Nope, can’t say that according to the FDA. No health claim, regardless to whether it is linked to scientific research, can be made about a food or supplement; these claims can only be made on drugs. Ah but perhaps things are changing. Alliance for Natural Health sued the FDA and won!
Announced June 1, 2010, Alliance for Natural Health (ANH) states “Court finds for ANH-USA in stunning victory over FDA”. Per ANH “The case revolved around what are called qualified health claims. In a qualified health claim, the producer of a food or supplement tries to share the state of the science behind the product with the public. If the science is less than completely conclusive, usually the case with food or food related items, the claim is ‘qualified'”.
What this all boils down to is the FDA does not want a food or supplement to make health promoting claims. According to the FDA, if it cures a health condition or benefits a health condition then it must be a drug and regulated by the FDA. Here’s an example…
In February, 2010, the FDA under ‘leadership’ of Commissioner Margaret Hamburg, M.D. took aim at numerous food companies for label and advertising health claims. One such product under fire was Diamond Nut Company; specifically Diamond walnuts. Diamond’s website linked to scientific studies proving the health benefits of walnuts. Serious health benefits such as lowering cholesterol, inhibiting tumor growth, treating depression – all linked to legitimate scientific research from consuming walnuts. But the FDA said no and sent Diamond Nut Company a warning letter forcing them to remove all mention of health benefits scientifically linked to consuming walnuts. http://www.fda.gov/ICECI/EnforcementActions/WarningLetters/ucm202825.htm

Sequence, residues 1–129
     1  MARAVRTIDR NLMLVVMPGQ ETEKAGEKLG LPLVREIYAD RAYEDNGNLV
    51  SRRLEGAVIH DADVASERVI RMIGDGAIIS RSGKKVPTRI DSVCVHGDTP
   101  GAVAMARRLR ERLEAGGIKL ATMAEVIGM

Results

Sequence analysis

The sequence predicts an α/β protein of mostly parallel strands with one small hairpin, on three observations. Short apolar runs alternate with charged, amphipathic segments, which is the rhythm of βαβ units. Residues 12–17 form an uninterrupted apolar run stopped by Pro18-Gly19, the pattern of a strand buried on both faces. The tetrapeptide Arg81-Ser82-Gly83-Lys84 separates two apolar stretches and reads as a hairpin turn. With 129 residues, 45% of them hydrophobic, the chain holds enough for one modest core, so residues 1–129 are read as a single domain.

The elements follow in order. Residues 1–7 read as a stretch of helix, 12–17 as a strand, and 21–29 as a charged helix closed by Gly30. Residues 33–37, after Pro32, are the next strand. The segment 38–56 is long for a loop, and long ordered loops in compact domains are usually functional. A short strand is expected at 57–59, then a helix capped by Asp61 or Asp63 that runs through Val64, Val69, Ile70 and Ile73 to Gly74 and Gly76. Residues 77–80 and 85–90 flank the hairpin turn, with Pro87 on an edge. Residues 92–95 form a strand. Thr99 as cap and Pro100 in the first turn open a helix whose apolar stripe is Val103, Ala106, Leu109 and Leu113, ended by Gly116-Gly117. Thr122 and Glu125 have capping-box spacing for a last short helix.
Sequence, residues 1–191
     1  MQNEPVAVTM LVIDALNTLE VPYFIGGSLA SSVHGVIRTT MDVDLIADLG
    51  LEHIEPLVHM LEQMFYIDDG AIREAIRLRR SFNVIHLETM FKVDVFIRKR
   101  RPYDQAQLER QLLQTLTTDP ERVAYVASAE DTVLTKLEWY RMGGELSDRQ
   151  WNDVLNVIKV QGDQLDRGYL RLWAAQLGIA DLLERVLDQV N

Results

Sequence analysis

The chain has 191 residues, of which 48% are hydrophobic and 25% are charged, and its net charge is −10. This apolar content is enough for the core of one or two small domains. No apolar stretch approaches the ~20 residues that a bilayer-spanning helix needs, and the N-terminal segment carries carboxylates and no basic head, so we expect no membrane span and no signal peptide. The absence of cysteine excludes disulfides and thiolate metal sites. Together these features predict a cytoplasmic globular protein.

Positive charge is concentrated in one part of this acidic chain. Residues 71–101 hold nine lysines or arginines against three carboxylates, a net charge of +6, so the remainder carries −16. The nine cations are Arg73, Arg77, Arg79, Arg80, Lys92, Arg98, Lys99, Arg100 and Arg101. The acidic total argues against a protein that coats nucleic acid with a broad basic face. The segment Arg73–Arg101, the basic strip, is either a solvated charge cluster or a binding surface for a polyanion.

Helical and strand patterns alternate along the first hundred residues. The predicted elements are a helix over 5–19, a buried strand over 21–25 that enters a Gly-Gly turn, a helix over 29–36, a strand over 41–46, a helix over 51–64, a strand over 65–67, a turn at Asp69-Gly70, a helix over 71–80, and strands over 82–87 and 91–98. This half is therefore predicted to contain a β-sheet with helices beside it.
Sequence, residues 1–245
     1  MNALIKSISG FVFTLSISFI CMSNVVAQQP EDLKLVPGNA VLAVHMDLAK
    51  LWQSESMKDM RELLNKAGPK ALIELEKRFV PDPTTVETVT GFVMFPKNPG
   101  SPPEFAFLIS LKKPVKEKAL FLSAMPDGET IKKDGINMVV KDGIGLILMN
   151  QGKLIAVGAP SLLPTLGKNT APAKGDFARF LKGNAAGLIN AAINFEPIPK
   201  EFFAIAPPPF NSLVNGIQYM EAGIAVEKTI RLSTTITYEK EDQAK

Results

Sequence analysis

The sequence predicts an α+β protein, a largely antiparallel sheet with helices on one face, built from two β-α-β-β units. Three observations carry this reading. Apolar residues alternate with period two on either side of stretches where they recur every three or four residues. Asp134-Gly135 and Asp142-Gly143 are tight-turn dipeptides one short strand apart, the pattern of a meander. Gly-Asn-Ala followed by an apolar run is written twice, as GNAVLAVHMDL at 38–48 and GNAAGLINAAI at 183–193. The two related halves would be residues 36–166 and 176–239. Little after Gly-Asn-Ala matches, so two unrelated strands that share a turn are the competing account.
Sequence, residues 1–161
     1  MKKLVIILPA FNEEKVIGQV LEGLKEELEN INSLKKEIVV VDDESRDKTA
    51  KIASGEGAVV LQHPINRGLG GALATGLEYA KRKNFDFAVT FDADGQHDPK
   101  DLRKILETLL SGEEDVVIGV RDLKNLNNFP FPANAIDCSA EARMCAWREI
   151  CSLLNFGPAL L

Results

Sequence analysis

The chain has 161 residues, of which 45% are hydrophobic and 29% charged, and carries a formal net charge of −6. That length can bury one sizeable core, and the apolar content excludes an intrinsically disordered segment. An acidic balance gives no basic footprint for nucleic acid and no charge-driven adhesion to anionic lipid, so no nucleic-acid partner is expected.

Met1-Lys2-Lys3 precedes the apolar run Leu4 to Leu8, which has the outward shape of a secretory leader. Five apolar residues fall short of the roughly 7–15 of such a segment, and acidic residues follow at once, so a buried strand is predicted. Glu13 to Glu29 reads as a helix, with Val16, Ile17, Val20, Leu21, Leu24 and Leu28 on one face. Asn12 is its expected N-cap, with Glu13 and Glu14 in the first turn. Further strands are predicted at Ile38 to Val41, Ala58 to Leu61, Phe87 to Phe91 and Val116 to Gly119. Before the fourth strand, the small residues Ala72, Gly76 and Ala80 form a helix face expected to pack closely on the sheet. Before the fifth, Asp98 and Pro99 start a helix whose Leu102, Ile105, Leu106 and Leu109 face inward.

This win by Alliance for Natural Health is a tremendous step forward for consumers and petsumers that believe in and benefit from natural health promoting foods and supplements. While this will continue to be a long battle against the FDA, ANH believes this case “has much bigger ramifications. The judge was in effect saying that food and dietary supplement producers have a right under the free speech doctrine to talk about the science behind the product so long as they accurately represent that science.”
Let’s hope so. If the science supporting a health benefit from eating an apple or walnuts or whatever is legitimate, the FDA has no right to tell the apple farmer they cannot share with consumers the scientifically proven benefit of eating apples. Thank you Alliance for Natural Health; please keep up your fight for the freedom of all consumers (and petsumers) that choose natural options over drugs.
To read more on Alliance for Natural Health, visit:
Wishing you and your pet(s) the best,
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